Thursday, July 26, 2012

Review: Changes for Samantha

This is the cover of the book when I had it!
Changes for Samantha: A Winter Story by Valerie Tripp

This is the sixth book in the Samantha Parkington series of the American Girl books. In this book, Samantha, a wealthy orphan, has just moved in with her Aunt Cornelia and Uncle Gard in New York City because her grandmother, whom she had been living with before, had recently gotten married. She received a letter from her best friend Nellie, who used to work for her family, saying that her mother and father had died and she and her sisters were now orphans and moving to New York City to live with their uncle. They end up in an orphanage and when the headmistress of the orphanage selects Nellie to go on the orphan train out west, Samantha convinces her to run away and live in Aunt Cornelia and Uncle Gard's attic. They end up taking the girls in and making them family.

Samantha grew up at the turn of the century. All of her books are written about the time period in which she was living. At the end of this book, there is a chapter called "Looking Back - Changes for America in 1904" which gives facts about life during this time. The book is completely fictitious and it doesn't take place around any specific historical event, but this last chapter helps to show how the book was accurately portraying what life would have been like for Samantha and Nellie.

When I was a little girl, I loved American Girls! Samantha was the first American Girl doll I had. My grandma got her for me for Christmas in 1995 when I was 6 years old. I just found out while researching this book that Samantha and Nellie were discontinued in 2009. :( But Samantha will always be my favorite American Girl!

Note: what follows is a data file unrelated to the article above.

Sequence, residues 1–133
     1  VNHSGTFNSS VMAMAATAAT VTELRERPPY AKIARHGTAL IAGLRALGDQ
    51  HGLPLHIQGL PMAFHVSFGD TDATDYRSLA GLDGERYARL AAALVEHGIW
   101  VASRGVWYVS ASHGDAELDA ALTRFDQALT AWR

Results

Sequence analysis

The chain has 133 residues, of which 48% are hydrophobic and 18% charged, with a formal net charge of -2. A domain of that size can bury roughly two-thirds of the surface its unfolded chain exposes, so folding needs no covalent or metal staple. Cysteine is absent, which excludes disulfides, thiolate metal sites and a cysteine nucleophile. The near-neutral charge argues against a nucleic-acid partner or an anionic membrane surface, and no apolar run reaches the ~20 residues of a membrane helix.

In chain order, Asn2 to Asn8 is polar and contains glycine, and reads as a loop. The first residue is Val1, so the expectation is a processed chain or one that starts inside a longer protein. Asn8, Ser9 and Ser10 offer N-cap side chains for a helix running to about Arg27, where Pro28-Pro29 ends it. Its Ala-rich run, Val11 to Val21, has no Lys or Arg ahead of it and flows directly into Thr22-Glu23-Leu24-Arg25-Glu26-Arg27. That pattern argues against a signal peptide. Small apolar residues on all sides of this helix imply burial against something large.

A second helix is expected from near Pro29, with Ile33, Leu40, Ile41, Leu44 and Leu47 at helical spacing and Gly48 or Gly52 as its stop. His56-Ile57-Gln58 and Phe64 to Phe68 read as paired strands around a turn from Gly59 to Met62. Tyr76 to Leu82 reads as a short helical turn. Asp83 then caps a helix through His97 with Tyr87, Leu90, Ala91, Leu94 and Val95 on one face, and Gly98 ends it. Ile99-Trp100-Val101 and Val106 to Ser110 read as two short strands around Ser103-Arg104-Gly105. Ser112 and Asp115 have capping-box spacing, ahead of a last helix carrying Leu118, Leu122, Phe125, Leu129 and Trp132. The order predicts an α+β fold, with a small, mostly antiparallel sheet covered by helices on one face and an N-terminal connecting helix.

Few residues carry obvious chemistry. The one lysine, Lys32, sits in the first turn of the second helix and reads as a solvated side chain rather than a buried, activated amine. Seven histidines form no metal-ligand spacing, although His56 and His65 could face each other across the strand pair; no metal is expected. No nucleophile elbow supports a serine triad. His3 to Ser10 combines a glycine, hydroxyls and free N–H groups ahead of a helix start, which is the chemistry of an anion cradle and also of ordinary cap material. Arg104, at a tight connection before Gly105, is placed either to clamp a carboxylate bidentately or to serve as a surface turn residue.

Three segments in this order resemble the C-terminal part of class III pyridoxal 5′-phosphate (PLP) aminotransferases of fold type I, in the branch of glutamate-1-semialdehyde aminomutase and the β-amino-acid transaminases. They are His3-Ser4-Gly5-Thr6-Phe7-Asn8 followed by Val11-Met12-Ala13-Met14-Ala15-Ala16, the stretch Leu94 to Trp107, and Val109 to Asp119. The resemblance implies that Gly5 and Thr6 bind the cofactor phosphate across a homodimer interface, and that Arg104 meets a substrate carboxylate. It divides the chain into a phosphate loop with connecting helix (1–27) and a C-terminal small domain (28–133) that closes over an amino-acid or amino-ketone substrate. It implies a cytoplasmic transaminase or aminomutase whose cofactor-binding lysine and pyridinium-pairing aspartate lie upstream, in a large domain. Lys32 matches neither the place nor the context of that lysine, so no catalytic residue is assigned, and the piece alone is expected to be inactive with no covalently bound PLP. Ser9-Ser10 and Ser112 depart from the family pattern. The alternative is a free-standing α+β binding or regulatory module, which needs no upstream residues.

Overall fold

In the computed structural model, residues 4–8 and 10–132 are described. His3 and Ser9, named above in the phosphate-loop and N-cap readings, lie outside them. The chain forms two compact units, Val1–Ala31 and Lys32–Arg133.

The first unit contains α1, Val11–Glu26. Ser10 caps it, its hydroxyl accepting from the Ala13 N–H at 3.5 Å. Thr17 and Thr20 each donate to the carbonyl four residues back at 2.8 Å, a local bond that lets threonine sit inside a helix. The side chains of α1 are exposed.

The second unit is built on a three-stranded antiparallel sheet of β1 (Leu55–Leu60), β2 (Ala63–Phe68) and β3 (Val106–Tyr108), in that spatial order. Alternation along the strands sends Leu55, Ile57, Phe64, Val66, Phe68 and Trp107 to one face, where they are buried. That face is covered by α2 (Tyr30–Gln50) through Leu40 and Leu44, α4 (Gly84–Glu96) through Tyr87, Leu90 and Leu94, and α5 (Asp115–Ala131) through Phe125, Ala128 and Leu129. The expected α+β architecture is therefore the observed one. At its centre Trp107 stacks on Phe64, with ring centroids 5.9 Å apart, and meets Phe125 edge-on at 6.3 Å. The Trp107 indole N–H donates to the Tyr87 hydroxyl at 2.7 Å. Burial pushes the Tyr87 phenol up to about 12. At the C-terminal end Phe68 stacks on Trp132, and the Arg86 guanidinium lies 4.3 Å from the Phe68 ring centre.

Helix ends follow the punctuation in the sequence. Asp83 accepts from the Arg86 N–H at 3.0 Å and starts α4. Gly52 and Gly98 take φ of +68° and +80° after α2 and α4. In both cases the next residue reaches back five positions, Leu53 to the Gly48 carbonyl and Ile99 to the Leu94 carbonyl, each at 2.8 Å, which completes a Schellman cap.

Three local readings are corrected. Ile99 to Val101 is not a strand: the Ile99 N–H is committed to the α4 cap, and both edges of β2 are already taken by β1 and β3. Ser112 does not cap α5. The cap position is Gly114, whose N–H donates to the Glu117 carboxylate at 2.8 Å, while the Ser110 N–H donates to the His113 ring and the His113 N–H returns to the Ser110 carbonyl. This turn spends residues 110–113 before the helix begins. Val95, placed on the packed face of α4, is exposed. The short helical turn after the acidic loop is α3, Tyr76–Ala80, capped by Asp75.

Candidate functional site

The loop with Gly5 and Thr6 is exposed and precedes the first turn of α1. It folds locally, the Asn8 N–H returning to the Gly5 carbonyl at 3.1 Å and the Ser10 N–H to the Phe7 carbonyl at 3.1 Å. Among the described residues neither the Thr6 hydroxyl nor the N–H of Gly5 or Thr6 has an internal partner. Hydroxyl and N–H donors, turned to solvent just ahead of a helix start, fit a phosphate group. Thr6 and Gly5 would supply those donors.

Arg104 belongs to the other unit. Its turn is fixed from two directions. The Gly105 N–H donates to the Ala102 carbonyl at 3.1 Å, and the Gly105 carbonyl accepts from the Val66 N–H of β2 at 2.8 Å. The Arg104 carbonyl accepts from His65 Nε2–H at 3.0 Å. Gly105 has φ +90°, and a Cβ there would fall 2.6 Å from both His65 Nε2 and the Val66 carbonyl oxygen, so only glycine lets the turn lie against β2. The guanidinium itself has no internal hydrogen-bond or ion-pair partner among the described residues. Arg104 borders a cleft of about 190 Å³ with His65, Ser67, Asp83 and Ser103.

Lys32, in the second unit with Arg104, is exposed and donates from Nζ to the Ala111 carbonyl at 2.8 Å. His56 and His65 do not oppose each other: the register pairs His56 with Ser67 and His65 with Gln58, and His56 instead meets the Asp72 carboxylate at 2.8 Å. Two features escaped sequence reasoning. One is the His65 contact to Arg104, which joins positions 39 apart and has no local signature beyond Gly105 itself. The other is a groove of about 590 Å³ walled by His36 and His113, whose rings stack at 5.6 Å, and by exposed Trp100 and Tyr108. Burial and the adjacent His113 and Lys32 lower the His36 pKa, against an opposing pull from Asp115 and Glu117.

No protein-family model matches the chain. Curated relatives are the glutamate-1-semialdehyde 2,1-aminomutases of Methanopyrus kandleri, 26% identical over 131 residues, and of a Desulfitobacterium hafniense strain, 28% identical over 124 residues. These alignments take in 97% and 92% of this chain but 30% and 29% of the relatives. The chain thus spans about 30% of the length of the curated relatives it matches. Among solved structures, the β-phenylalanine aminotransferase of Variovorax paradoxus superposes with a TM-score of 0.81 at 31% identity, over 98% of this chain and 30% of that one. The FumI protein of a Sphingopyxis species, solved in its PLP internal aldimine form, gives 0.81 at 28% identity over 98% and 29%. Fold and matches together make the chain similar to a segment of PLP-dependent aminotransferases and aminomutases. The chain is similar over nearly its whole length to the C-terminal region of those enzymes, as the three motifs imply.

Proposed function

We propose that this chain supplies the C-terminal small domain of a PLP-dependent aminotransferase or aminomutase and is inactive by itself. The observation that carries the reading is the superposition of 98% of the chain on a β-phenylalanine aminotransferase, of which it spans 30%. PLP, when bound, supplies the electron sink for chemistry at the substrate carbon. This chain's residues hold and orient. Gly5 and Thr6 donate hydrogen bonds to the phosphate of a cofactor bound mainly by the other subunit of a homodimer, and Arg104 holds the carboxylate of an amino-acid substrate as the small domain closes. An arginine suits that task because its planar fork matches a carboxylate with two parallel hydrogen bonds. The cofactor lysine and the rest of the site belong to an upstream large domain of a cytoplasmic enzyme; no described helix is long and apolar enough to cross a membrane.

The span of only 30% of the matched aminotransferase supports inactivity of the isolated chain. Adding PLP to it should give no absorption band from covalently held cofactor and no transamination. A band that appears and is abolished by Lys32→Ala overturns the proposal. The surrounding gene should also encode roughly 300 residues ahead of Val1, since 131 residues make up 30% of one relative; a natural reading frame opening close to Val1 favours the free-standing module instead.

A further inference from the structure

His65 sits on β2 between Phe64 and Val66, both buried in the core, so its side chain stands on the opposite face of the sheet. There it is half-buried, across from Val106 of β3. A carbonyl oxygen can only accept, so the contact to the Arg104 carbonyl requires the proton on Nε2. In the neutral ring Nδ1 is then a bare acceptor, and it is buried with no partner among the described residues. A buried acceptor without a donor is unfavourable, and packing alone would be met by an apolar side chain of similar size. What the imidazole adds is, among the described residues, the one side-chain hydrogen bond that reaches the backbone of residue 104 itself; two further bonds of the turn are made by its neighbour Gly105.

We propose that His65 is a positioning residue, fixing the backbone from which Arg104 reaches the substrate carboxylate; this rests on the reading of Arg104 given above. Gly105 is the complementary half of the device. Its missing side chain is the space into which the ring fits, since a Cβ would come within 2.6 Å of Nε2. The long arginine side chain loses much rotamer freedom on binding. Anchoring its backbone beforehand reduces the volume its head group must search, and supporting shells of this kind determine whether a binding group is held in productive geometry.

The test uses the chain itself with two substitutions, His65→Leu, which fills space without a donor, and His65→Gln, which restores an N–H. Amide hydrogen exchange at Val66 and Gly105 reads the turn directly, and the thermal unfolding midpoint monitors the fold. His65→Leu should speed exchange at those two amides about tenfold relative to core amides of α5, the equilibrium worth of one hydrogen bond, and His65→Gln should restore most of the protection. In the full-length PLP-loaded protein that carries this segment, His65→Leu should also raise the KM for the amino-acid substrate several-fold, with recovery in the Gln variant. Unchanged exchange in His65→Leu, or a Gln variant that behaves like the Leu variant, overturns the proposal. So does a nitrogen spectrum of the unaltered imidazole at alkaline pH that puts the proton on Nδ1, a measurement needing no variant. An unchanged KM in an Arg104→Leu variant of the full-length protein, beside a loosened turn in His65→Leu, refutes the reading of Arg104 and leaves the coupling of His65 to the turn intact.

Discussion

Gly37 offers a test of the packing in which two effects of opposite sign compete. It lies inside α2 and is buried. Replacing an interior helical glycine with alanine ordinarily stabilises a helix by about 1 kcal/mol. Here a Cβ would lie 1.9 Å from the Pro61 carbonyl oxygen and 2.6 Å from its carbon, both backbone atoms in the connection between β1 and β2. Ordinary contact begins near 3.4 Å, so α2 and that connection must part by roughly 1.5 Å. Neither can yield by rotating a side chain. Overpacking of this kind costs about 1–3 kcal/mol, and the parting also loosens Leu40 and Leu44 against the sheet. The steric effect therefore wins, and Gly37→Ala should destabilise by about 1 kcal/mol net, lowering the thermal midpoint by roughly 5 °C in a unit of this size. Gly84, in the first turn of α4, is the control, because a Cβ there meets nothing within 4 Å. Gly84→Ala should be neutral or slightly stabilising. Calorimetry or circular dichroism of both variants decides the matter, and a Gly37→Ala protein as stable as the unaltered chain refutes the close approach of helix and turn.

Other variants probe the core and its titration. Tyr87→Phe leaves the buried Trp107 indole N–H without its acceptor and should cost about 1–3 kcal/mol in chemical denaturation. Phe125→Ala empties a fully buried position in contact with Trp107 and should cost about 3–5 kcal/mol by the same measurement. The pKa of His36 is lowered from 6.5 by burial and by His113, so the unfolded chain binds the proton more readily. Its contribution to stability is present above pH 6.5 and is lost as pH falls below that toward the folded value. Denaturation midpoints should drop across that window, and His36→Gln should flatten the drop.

I think American Girl is an awesome collection of dolls and books. Each doll is set around a different time period or historical event. Each girl has six books directly related to her and some of them have dolls and book collections for their best friend in the book, like Nellie for Samantha. The six books follow the same pattern. For example, Meet Samantha is first, followed by Samantha Learns A Lesson, about school, Samantha's Surprise, relating to Christmas holidays, Happy Birthday Samantha!, Samantha Saves the Day, a summer "action" book, and finally Changes for Samantha, in which the girl faces profound changes in their life. I think this is great so that readers can see what each time period was like, how school was set up, birthday parties, etc. and then compare with the other time period books.

From the American Girl wiki page on the creator's inspiration:
Pleasant Rowland gave two reasons for creating the line. One was to provide a doll the same age as the child who would be playing with it and present it as a friend rather than a baby to take care of or an adult to be like in the future. The other was to teach history to children with a personal focus from characters their age whom they could relate to.
When I read these books, there were only seven dolls that I remember. They were Felicity (who grew up in Williamsburg!!) in 1774, Josefina in 1824, Kirsten in 1854, Addy in 1864 during the Civil War, Samantha in 1904, Kit in 1934 during the Great Depression, and Molly in 1944 during World War II. But now there are so many! I've never even heard of half of them! I also just found out Felicity and Kirsten have also been retired. It's so sad that two of the three original American Girls (Samantha, Molly, and Kirsten) have been retired!!

Below is a picture of all of the girls as of 2011 in time period order. Some of the girls look a little creepy though.. (2, 6, & 8 from the left have been retired and are no longer available for purchase)

The American Girl website also has a section for parents and teachers which has links to learning guides for each girl. I think it's really great that these books have been created for girls to read and learn about different historical times. The stories are fun and readers can connect with the characters and get a feel of what that time period was like. Another great thing is that the book comes from a female child's perspective. I don't think many historical books would have that kind of perspective for children to relate to. I'm a big fan!

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